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Alyssa, we will miss you, your laughter

I coerced a friend into coming over one evening last week to help me knock one of many home-repair projects off my to-do list.
He brought along his young son, Landen, who has a perpetual smile on his face and that contagious laugh that seem to wholly belong to the very young — that infectious, whole-hearted giggle that gets you laughing along, even when you have no idea what is so funny.
I believe that most, if not all, children are born with that innate ability to laugh whole-heartedly and unabashedly in humor or enjoyment, but it’s a trait we lose as we get older and learn to be more restrained and reserved.
I would say that is true of nearly all adults, with the exception of my co-worker and friend Alyssa Schauer.
Alyssa is ending her employment here at McLeod Publishing, finishing up this week as she starts her orientation in her new job at 3M, and we train in a new reporter, Jessica Grams.
One thing I have to say about Alyssa, her enthusiasm for all things, great and small, has not changed since she was a small child — and that includes her laughter. Many times, she’ll start laughing while sitting at her computer, looking at something on Facebook or some other website, and I can’t help but laughing along, even though I have no idea what’s so funny.
Alyssa has always said that what she likes best about her job at The Chronicle is the variety of experiences it affords her — from covering city council meetings to interviewing people have met tragedy, overcome losses, or who are celebrating the victories and achievements of their lives.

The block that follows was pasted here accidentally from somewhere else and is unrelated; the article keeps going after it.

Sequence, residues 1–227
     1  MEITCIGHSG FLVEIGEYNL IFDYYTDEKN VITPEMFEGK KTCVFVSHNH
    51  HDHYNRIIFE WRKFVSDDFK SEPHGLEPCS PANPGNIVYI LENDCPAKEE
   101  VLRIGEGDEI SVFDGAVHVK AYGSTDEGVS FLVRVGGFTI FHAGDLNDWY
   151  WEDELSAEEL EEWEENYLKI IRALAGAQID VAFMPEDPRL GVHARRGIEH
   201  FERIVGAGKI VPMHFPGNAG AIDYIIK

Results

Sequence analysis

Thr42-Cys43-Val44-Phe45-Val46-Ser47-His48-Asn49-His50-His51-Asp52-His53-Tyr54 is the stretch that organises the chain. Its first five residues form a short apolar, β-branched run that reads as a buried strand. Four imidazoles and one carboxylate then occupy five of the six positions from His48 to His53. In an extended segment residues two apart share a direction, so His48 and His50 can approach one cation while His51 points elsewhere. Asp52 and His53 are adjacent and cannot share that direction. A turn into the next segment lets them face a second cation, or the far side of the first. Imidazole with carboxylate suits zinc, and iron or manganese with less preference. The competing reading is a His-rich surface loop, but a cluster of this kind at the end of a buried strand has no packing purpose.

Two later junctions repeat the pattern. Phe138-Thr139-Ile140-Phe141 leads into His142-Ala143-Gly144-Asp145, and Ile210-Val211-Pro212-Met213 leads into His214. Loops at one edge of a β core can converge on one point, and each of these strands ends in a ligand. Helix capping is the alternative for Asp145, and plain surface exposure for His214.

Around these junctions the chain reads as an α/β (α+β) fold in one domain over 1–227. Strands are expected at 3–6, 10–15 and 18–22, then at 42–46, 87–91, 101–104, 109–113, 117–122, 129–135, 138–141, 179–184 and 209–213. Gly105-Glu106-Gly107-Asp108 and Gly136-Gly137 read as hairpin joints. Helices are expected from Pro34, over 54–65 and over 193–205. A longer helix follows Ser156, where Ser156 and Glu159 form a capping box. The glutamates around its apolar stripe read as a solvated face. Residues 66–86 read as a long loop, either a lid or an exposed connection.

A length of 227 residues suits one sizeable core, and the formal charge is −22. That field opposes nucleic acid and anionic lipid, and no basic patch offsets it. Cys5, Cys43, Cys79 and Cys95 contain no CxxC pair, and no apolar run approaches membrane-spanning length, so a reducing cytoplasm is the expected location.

So I’ve worried about her doing factory work. I was afraid she would find it monotonous.
But Monday afternoon she arrived at our office gushing, as usual, with enthusiasm and energy.
She’ll be working making post-it tags, she told us.
“They come in all different of colors!” she enthused.
I should have known that she would find, as usual, joy in the small details, as well as the big. Every day is an adventure for her.
For the past couple of years, Alyssa, Josh Randt and I have occasionally spent an evening out enjoying a pizza and a few beverages. We jokingly called it our group therapy support group, where we would bemoan the frustrations of our jobs and celebrate our victories. Eventually, our chats evolved to include families, friends, and shared interests like movies and television shows. Our status as colleagues evolved into the friendships.
Alyssa has promised us that she will stay in touch, contribute an occasional column and, most importantly to me, agreed to continue our support group therapy.
I’ll miss having her around the office on an everyday basis, but I’m looking forward eagerly to the laughter, pizza, beer and, of course, the latest tales of adventure.
And I certainly want to welcome our latest addition to the McLeod Publishing family — Jessica Grams, a person familiar to many of you as she grew up in the Glencoe area and is a GSL alumni. She’s only been with us a day and a half as I write this, but I can already tell she’ll fit in famously.
Please welcome her when you see her out and about in the community.